Then, in February of 2012, when Simon and Schuster offered to buy ”The S-Word,” my agent asked if I’d been working on anything else. Reluctantly, but still stubbornly hopeful, I sent her what I was now calling “Immortal Sacrifice.” She wrote back within a month saying she loved it. We made a few (very small) revisions and went out on submission.

Fast forward to last week, and this happened:

“Chelsea Pitcher's IMMORTAL SACRIFICE, of The Faerie Revolutions duology, in which a princess of the Dark Faeries who plans to overthrow her tyrannical mother and bring equality to faeriekind must enter the human world disguised as a 16-year-old runaway to search for a young "leader of man" as a sacrifice to convince her mother's loathed enemy to join her cause, to Brian Farrey-Latz at Flux, in a two-book deal including THE MAGIC OF MORTALS, for publication in Fall 2014, by Sandy Lu at the L. Perkins Agency (World)."

Moral of the story? Never give up. Not in the face of rejection, not when times get hard, not when it feels like your heart is breaking, not even if it feels like the world is against you. It isn’t. It’s just testing you, seeing if you will rise to the occasion.

Seeing if you will get better. Work harder. Learn. Grow. Push yourself. Believe in yourself.

I believe in you.


  1. I LOVE this story. Those who persevere, Chelsea, make it all the way... Congratulations again and I am so thrilled the faerie story will finally make its way into my hands! :-)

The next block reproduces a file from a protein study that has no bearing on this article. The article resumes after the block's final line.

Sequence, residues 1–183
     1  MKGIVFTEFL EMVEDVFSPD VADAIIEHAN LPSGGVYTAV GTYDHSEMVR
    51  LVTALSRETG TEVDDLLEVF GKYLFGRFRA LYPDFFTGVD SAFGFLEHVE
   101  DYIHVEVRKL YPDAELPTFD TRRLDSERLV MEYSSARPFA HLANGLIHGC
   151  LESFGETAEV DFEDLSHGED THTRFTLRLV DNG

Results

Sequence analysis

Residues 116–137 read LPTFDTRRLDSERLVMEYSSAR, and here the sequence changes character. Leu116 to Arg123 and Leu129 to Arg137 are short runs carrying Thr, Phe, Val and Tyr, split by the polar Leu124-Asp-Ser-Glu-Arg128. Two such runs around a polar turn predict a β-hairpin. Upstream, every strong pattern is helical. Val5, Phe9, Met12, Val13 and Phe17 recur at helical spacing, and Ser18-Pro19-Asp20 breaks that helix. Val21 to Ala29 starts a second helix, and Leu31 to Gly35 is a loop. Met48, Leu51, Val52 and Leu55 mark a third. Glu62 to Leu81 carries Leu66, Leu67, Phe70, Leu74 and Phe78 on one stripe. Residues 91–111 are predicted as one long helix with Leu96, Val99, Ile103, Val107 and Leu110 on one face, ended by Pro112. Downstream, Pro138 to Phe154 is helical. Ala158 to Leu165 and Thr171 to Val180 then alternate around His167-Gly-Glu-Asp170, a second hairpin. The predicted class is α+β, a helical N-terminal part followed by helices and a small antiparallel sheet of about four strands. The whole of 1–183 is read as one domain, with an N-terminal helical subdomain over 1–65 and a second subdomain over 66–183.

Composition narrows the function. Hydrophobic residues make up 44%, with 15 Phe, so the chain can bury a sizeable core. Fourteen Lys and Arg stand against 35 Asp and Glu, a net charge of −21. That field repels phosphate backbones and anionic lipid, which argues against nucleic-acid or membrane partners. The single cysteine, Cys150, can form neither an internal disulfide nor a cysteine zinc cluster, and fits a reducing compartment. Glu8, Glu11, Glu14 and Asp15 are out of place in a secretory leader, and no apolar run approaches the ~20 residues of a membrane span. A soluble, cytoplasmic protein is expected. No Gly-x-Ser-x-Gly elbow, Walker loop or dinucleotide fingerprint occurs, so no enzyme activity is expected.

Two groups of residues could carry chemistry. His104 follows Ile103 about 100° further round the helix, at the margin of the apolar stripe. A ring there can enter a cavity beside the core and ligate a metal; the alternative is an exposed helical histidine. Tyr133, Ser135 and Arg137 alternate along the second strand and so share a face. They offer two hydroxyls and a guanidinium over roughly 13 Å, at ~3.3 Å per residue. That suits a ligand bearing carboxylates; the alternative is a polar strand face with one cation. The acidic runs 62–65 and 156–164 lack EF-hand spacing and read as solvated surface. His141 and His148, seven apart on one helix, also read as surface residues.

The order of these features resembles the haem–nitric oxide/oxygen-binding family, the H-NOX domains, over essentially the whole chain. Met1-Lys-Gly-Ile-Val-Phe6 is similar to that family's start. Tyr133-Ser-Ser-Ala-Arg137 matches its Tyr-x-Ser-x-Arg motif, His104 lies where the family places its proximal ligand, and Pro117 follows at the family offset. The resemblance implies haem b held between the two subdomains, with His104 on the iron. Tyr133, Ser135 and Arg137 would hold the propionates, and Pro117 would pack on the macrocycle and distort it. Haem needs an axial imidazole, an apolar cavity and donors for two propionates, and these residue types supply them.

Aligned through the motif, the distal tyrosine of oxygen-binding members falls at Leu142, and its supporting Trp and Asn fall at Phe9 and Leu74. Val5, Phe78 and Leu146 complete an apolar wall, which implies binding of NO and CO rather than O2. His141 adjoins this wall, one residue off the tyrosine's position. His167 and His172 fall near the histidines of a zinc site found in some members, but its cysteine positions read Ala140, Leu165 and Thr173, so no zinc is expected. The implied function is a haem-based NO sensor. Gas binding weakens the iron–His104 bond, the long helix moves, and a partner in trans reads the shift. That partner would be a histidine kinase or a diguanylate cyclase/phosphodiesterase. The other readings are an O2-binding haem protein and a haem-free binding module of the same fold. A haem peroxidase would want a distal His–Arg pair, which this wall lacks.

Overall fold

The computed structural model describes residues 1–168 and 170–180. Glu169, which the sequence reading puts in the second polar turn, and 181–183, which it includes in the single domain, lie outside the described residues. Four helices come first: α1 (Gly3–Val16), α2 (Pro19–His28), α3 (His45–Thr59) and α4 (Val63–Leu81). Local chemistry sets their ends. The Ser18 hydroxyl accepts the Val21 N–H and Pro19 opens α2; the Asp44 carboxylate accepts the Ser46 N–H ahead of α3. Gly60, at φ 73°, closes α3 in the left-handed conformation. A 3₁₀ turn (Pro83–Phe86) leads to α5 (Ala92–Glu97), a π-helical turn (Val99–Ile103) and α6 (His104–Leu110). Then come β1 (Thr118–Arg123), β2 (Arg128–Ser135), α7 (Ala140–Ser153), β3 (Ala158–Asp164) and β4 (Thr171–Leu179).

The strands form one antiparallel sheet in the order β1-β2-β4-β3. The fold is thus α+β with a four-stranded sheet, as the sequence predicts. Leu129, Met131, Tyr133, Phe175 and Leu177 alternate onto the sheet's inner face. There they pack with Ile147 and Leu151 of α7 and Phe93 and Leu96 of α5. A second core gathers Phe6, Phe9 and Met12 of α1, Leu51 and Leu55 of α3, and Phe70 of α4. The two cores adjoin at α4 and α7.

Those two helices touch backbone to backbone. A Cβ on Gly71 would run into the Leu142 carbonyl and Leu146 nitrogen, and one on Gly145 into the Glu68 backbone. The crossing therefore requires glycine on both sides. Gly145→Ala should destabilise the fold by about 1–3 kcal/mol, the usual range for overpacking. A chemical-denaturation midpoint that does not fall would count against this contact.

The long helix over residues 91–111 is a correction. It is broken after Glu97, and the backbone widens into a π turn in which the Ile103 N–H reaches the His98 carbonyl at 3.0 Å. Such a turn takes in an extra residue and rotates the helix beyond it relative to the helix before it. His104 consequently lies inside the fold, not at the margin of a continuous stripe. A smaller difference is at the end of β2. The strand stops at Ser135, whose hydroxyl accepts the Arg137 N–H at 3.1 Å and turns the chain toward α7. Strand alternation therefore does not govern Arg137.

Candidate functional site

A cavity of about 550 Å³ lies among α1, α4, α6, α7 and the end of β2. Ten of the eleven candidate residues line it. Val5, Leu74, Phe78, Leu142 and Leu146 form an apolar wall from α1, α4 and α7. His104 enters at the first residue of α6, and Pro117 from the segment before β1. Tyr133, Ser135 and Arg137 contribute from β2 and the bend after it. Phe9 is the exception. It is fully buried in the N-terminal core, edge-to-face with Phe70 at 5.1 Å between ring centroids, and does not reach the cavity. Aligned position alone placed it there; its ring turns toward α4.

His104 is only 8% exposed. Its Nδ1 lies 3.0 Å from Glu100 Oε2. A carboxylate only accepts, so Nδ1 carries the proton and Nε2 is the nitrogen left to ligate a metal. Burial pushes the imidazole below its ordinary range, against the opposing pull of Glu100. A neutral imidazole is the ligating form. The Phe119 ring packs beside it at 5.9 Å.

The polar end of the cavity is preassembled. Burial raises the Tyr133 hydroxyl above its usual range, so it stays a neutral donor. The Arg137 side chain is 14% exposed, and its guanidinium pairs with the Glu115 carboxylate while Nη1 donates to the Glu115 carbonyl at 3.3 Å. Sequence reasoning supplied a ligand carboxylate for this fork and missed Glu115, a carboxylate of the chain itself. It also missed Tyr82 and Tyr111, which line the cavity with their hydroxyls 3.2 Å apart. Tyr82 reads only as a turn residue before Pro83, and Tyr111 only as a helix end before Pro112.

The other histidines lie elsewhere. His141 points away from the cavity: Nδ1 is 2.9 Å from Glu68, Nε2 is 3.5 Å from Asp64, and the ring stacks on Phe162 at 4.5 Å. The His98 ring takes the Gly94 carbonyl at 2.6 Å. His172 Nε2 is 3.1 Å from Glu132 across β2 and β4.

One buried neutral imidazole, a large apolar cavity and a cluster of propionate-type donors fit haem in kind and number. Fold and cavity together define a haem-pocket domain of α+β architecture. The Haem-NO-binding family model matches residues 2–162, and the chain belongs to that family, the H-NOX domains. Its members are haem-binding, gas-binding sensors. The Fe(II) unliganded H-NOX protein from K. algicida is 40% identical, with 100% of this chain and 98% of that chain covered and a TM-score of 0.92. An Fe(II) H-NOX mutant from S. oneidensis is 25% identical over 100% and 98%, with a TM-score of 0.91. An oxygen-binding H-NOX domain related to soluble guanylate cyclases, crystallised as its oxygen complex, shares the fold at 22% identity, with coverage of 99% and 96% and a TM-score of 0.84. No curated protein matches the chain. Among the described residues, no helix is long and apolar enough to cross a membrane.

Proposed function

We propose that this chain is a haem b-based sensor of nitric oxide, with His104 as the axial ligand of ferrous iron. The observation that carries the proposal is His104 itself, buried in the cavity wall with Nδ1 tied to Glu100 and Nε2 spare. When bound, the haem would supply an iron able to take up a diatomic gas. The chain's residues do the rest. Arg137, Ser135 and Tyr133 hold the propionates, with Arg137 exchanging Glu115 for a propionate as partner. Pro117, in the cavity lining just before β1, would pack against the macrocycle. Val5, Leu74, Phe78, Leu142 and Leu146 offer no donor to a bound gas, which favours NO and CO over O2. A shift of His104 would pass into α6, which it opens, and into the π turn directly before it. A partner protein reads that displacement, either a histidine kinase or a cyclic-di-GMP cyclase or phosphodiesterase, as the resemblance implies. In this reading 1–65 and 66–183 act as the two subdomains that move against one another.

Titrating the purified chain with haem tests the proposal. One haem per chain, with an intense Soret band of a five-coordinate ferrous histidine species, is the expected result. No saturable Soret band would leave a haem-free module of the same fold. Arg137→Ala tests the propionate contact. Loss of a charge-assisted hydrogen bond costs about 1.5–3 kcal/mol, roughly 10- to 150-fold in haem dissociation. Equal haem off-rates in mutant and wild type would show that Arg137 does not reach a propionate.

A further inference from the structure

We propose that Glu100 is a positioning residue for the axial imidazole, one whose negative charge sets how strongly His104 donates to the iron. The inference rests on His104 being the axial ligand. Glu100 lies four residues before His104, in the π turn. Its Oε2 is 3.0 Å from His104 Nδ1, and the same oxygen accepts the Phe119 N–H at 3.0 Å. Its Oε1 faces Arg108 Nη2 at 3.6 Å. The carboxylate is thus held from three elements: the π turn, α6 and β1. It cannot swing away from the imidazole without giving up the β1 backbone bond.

2. LOVE this. All of it. So, so happy for you. You deserve it, and I'm glad you never gave up! Also, yay Flux sisters!

  3. THANK YOU Rachel!!! *hugs* I appreciate all your amazing support!!

    Kelsey, YAYAYAYAYAYAYAY on being Flux sisters!!! Sooooooo excited to be in such fantastic company!


  4. *Yawn.* Totally unsurprised. Because I've always believed in YOU. Some people you just know great things are going to happen to. I've never doubted for a second I'd be seeing your books on the store shelves. Hugs and kudos, sweetie - you deserve all the success!

  5. Honestly, Phoenix, you were the one person on EE's site who always had something nice to say about my submissions. I know some people say critiques should only focus on what should be changed, but without you, it would've been a lot harder to keep going. THANK YOU.

  6. Yay! I'm happy to hear there's more to read from you! I'll be adding it to my TBR list!

  7. Thank you!! It's awesome to hear that! :)

  8. So happy for you and CONGRATULATIONS!!!! Such a great story you've got there.

  9. Found your blog through AW. Congratulations! I'm still waiting to hear back from my agent so your story gives me much hope! :-)

  10. Thank you Pamela!! I hope you hear great news very soon! :D

    Thank you kdoyle!!